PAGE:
Arizona lies on part of the U.S. border with Mexico. It has relatively light winters but the weather is hot during the summer months when the temperatures reach their maximum. And with its almost seven million citizens, it is ranked at the 6th position in America’s most populated areas.
The Indian reservations take one-quarter of Arizona and there are 27 different tribes among which is the Navajo Nation and the Chiricahua Apache tribe. Our tale begins with this tribe down at the south of Arizona in a little area that now it is nothing more than a ghost town.
It was here that this tribe first came to mine for turquoise, a semi-precious mineral that served as an ornamental stone for millennia. Its rare blue-green colour gives it unique properties as a gemstone. This is why the Chiricahua Apache tribe sought after this stone. Once processed, the stone was used in jewellery and it was a much-cherished item in Chiricahua’s trades.
But in order to extract the stone, the Chiricahua needed a permission from the Navajo and once granted, they mined the stone for years. But things suddenly things veered off course around the 1870s. During this period, the Chiricahua were hunted down and suppressed and killed until they were banished from these grounds and relocated to an Indian reservation.
The land filled with turquoise minerals now stood vacant and empty. But it wasn’t long before prospectors from far and wide came to claim what the earth was offering for free. But the turquoise fever faded over some period. But after Tiffany & Company opened their doors and gifted the world with stunning new designs of luxury goods, the semi-precious stone was back on the map of many prospectors.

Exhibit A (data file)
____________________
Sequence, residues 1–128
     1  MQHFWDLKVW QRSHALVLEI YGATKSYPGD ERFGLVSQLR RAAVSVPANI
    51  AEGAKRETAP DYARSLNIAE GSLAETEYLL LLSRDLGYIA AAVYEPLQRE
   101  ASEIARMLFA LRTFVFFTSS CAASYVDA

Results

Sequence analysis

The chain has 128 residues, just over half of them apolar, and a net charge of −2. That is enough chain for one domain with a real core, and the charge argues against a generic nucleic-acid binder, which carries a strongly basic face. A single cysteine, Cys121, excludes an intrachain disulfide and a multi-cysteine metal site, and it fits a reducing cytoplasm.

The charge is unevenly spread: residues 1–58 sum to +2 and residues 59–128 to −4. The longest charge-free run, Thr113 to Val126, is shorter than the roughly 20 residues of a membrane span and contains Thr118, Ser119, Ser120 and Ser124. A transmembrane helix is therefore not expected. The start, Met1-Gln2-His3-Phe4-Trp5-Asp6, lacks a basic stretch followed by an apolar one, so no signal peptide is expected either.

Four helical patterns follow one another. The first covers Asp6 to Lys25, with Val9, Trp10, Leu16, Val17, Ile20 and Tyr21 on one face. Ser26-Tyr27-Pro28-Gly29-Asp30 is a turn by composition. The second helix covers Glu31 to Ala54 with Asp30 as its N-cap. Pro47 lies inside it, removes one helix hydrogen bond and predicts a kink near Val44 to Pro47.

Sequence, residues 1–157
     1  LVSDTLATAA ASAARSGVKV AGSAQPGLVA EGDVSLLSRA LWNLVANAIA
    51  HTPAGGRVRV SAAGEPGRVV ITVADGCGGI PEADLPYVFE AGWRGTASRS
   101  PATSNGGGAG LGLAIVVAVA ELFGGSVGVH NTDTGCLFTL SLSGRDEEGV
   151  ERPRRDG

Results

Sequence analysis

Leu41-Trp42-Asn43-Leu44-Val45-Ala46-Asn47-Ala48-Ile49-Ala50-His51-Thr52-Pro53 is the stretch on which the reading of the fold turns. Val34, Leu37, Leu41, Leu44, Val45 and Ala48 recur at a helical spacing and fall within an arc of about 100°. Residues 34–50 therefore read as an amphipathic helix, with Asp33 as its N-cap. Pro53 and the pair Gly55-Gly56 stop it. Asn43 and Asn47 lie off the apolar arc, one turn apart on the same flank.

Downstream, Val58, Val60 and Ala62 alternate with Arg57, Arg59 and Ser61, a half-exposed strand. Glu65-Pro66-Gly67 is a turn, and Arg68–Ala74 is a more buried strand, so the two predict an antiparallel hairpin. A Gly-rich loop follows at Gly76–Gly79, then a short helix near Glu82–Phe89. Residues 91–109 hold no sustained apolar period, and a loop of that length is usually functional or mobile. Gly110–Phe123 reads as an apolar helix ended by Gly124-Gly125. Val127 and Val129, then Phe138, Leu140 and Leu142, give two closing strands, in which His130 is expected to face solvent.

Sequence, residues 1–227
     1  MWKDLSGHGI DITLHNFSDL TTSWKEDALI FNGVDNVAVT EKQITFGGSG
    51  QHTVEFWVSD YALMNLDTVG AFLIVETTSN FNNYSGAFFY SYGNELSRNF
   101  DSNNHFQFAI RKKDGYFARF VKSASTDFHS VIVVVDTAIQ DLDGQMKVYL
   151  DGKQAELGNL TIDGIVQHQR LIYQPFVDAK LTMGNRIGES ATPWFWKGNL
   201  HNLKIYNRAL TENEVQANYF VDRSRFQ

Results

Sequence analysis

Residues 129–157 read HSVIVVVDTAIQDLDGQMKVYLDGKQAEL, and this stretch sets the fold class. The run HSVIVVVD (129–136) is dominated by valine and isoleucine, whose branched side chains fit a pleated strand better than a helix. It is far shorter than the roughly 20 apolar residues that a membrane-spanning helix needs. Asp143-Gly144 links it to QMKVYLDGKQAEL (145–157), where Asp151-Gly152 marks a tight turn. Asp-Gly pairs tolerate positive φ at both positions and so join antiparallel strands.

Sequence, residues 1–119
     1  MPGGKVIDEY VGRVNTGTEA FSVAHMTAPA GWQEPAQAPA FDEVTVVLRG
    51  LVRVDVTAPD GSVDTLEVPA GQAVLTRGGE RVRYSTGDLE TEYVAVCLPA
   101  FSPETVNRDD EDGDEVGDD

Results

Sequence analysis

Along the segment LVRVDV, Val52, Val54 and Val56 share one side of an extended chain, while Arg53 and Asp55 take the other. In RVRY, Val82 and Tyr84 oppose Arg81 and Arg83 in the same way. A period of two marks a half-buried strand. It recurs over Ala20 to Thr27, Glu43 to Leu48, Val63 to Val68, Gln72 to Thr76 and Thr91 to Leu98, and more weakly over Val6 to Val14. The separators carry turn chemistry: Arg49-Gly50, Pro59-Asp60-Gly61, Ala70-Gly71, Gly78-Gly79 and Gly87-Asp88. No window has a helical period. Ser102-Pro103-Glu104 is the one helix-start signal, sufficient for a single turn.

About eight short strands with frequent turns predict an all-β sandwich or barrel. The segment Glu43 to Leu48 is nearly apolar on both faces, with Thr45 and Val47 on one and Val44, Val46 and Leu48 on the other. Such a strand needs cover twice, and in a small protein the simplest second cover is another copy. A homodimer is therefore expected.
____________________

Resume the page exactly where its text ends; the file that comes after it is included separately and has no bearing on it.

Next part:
The fashion craze of the period manly mixed turquoise from Persia that has somewhat deeper blue hue compared with the Arizona turquoise that has a greener hue.
Slowly in the area where the apache tribe once mined, the town of “Turquois, Arizona Territory” was born and it was prosperous. But once more the demand for turquoise faded. By good fortune, this gemstone is not the only thing to be found around this parts. The mines that operated in the area had also veins of gold and silver. But it was the copper that gave this small town a new life.
And just like that, a new craze was born, for the prospectors were now after this red-orange metal. And it all began with one man, John Gleeson. It was he that first discovered the deposits of copper in the area. At first, only a post office was established, but in no time the town of Gleeson grew to an appreciable size.
In its heyday, the town numbered around 1,000 residents. John opened a mine that he named Copper Belle Mine. But he wasn’t the only one, for others followed too and opened their own mines, the most notable of which are the Tejon Mine, the Tom Scott Mine and the Defiance Mine.
Just like any other town out there, this one too had its ups and downs, some of which were more serious than others; a fire that broke out in 1912 is one example, a calamity that destroyed as much as 28 buildings in the town. But the mines were doing just fine at the time and the town was quickly brought back to its feet again in no time. According to some researchers, the damage that the fire caused was estimated to be somewhere in the range of $100,000.
The town also had jailhouse. Various speculations circle around this structure, such as the cruel treatment of the prisoners; of course, nothing is a confirmed fact.
The city of Gleeson thrived over the years and through the First World War. Its end came around the 1930s. The post office closed in 1939. Today this place is a mere ghost town and its buildings such as the saloon and the jailhouse and the hospital are nothing more than an old ruin, a relic of the past, and a witness that prosperity can be over in the blink of an eye.